Today, the ECS is understood as comprising a few known endocannabinoids (principally, AEA and 2-arachidonoylglycerol [2-AG]), and the two primary cannabinoid receptors (CB 1 R, present mainly in the central nervous system, and also in digestive organs, and CB 2 R, implicated in the regulation of immunity and inflammation). 
A singularity of the ECS is retrograde signaling, ie, the signaling initiates in postsynaptic neurons and acts upon presynaptic terminals. AEA and 2-AG are produced in the postsynaptic neuron and released into the synaptic space, then travel in a retrograde direction to the presynaptic terminal to interact with CB 1 Rs, which leads to a decrease in neurotransmitter release by the presynaptic neuron. 

The discovery of the ECS also sheds light on the human fascination for cannabis, which appears to be the only plant that produces a potent phytocannabinoid activator of the CB1 receptor. 
The debate about the relaxation of cannabis prohibition, or even its legalization, had resurfaced in the 1960s. It was carried in Western societies by a generation that came of age after the deprivations of WWII. It culminated with the hippie philosophy on a background of opposition to the Vietnam War.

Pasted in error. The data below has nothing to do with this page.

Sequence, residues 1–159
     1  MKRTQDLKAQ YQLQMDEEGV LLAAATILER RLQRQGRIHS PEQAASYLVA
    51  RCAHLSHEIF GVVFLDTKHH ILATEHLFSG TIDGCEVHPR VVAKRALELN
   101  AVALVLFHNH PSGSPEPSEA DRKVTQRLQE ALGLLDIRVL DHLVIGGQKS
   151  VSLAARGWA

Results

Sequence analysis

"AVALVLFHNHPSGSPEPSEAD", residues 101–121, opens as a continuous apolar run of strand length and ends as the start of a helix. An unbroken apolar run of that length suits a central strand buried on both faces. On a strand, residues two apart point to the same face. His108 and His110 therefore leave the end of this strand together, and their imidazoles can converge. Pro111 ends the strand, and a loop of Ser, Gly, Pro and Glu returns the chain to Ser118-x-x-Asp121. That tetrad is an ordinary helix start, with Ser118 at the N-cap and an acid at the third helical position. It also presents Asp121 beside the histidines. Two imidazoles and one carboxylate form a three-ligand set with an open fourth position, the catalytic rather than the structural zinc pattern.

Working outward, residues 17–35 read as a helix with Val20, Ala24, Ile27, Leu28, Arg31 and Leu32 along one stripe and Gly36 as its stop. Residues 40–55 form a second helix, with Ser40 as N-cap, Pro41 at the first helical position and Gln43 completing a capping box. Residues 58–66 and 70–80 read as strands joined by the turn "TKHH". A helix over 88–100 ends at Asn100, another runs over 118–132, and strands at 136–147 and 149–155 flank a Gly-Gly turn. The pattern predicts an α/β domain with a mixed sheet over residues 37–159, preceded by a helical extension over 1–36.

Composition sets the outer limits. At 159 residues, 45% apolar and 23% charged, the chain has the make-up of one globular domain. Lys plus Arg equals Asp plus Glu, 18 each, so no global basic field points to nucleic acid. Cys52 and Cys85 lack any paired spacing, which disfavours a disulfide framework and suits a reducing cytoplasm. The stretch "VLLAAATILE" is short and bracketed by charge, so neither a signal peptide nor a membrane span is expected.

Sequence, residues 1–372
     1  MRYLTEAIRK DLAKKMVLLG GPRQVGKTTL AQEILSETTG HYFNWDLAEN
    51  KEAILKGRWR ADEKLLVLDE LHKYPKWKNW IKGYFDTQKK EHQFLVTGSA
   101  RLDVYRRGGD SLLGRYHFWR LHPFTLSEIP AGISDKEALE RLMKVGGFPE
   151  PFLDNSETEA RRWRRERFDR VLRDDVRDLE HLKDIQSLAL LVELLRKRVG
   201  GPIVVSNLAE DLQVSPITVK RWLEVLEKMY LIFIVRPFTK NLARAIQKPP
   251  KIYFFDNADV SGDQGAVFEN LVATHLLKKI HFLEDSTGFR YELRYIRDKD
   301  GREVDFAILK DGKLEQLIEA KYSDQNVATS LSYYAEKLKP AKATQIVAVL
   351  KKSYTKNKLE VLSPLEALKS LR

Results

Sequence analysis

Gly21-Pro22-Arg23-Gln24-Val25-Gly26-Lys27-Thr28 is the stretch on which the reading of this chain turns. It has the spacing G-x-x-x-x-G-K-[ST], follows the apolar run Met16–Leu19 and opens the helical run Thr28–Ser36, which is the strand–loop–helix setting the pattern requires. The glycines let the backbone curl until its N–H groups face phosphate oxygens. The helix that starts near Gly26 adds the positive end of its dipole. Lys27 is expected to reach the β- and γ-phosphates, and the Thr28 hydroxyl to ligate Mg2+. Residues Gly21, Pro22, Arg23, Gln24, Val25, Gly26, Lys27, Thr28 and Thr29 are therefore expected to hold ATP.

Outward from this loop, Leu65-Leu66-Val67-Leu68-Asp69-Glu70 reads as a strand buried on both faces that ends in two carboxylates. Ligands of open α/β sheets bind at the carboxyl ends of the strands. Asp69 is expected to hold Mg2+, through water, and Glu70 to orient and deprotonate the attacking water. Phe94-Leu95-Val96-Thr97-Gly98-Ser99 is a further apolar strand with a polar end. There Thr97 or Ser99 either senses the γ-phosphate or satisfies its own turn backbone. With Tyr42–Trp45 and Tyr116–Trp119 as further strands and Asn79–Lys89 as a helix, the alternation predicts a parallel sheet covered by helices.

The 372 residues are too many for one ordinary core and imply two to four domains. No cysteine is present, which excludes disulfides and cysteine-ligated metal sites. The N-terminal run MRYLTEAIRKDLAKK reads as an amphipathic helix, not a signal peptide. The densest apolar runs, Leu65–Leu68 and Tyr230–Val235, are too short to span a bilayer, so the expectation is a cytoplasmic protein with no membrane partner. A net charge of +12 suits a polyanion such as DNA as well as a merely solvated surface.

The conclusion of the 2017 report from the US National Academy of Medicine on “The Health Effects of Cannabis and Cannabinoids—The Current State of Evidence and Recommendations for Research” confirmed the limitation of scientific knowledge. The National Academy of Medicine report stated that conclusive or substantial evidence that cannabis or cannabinoids are effective is limited to only three domains. The recognized therapeutic uses were as follows: (i) alleviation of chronic pain in adults (cannabis); (ii) as antiemetics in the treatment of chemotherapy-induced nausea and vomiting (oral cannabinoids); and (iii) the improvement in patient-reported multiple sclerosis spasticity symptoms (oral cannabinoids).

At a time of cannabis liberalization, essential unsolved questions persist. For instance, we know little about the psychotomimetic effect of THC, even in persons without a history of mental disorders. 
Although considered a congener of heroin by the 1961 UN Single Convention, cannabis naturally belongs to the class of substances such as tobacco, alcohol, and caffeine, which are used regularly by all humanity. Mechoulam’s milestone discovery that Δ 9 -THC is the primary psychoactive principle, and the ensuing elucidation of the ECS, opened the gate for a new era in cannabis history.
  • Crocq MA. History of cannabis and the endocannabinoid system
. Dialogues Clin Neurosci. 2020 Sep;22(3):223-228. doi: 10.31887/DCNS.2020.22.3/mcrocq. PMID: 33162765; PMCID: PMC7605027.